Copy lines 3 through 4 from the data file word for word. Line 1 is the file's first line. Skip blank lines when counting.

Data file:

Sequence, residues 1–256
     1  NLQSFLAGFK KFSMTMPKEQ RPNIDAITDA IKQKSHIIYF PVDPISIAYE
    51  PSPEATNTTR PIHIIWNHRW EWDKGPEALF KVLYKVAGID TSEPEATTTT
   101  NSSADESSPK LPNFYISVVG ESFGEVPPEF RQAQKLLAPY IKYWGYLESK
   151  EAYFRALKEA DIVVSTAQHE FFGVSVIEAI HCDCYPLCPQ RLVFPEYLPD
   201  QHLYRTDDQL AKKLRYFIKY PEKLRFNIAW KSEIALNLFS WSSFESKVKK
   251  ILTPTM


    51  PSPEATNTTR PIHIIWNHRW EWDKGPEALF KVLYKVAGID TSEPEATTTT
   101  NSSADESSPK LPNFYISVVG ESFGEVPPEF RQAQKLLAPY IKYWGYLESK